Simplifying DPP William Lai’s Win in the Taiwanese Presidential Election

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Unless you live under a rock, you’d know about the Taiwanese Presidential Election.

The latest presidential election, which concluded on 13 January 2024, saw William Lai, the Democratic Progressive Party candidate and current Vice-president under Tsai Ing-wen, emerged victorious with 40.05% of the vote.

His victory suggests a continuation of the status quo, with China reiterating its stance on eventual reunification with Taiwan.

The other two candidates are Hou Yu-ih from the Kuomintang (KMT), and Ko Wen-je from the Taiwan People’s Party (TPP).

Each party represents different stances towards China, with the DPP being less pro-China, the KMT more aligned with China, and the TPP being non-committal.

Yes, this means China isn’t happy.

Now, if this is confusing, read on.

The China-Taiwan Relationship

To grasp the significance of these elections, one must first understand the China-Taiwan relationship.

Since Taiwan’s split from China in 1949, China has considered Taiwan a part of its territory.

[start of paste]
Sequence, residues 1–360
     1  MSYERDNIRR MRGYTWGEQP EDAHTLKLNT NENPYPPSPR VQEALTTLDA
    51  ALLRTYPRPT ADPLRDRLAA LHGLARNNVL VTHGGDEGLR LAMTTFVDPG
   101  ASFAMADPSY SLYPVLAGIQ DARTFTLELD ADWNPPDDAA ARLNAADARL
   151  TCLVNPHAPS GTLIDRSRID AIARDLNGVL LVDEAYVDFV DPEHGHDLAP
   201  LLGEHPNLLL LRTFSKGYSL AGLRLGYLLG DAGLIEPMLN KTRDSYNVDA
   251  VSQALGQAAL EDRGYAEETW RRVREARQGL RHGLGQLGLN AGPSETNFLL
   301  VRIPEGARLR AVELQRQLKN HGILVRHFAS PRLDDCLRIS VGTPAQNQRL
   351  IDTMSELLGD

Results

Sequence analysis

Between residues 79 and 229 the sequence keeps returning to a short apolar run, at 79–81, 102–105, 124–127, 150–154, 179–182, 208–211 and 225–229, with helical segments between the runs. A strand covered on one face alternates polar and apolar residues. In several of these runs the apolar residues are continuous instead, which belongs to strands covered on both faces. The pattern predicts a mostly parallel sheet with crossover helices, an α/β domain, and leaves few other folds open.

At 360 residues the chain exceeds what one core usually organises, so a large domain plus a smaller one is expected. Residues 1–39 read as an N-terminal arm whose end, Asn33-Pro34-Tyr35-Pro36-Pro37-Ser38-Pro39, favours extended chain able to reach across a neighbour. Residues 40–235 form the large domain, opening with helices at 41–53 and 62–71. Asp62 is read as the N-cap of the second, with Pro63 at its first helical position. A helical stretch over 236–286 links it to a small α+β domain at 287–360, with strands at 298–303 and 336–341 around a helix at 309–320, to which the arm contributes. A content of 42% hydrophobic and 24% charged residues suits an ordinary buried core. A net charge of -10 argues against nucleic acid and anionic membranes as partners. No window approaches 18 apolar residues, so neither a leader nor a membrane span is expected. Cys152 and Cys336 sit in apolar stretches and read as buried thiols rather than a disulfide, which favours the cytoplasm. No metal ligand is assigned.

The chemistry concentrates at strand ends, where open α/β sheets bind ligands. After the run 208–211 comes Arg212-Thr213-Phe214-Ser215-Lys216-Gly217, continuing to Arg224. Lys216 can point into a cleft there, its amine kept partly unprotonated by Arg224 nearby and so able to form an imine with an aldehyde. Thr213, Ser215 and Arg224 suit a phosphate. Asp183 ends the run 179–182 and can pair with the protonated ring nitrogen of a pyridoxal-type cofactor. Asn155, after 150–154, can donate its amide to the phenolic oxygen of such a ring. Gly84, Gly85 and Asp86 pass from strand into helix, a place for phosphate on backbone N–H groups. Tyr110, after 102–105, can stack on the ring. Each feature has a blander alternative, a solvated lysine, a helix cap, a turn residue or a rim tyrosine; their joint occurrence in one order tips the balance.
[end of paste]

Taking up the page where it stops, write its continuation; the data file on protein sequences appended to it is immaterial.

However, Taiwan’s own view on this matter varies depending on whom you ask.

Most of the world adheres to the “One China” policy, officially recognizing China while maintaining unofficial ties with Taiwan.

For decades, the KMT, seen as pro-China, dominated Taiwan’s politics.

However, in 2000, the DPP, which leans towards independence and, by extension, closer ties with the US, gained power.

KMT gained back power from 2008 to 2016, but Tsai Ing-wen created history when she became the second DPP President, and of course the first female President in Taiwan.

The shift to independence was exemplified by Tsai Ing-wen in the last few years, who broke several norms, including direct communication with US President Donald Trump and meetings with former US House Speakers Nancy Pelosi and Kevin McCarthy, actions that drew ire from China.

Now, interestingly, William Lai’s running mate, who’ll be the next VP, is someone who was the Representative to the US, so based on optics, it’s like a nod to the US.

China’s Response

You can bet that China isn’t happy with the latest results.

Often calling William Lai “dangerous” and a “troublemaker”, they’ve since responded, saying that the DPP doesn’t represent the mainstream public opinion in Taiwan.
They also emphasised that reunification with Taiwan remained inevitable.

In the meantime, other countries have congratulated William Lai.

As to what’s going to happen soon, we can only wait and see.

William Lai’s inauguration will take place on 20 May 2024.

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